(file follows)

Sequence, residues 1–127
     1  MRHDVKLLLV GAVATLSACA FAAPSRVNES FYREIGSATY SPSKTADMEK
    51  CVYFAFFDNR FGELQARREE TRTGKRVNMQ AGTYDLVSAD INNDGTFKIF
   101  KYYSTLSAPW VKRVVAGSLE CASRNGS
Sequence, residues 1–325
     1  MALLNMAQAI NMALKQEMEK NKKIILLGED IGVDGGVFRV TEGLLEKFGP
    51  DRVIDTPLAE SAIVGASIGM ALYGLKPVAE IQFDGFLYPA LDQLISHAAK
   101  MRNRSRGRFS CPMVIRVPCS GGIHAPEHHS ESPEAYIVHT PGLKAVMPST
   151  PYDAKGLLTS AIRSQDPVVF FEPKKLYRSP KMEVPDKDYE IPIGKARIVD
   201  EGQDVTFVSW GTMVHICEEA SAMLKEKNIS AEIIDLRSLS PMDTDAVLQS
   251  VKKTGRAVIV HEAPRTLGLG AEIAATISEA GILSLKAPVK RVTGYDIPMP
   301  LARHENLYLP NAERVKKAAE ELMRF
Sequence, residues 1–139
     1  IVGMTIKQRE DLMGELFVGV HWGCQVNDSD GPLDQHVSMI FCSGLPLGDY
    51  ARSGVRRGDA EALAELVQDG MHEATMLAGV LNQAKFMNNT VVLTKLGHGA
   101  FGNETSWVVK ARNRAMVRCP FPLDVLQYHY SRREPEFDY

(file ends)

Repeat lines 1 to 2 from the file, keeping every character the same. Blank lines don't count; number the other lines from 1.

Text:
Sequence, residues 1–127
     1  MRHDVKLLLV GAVATLSACA FAAPSRVNES FYREIGSATY SPSKTADMEK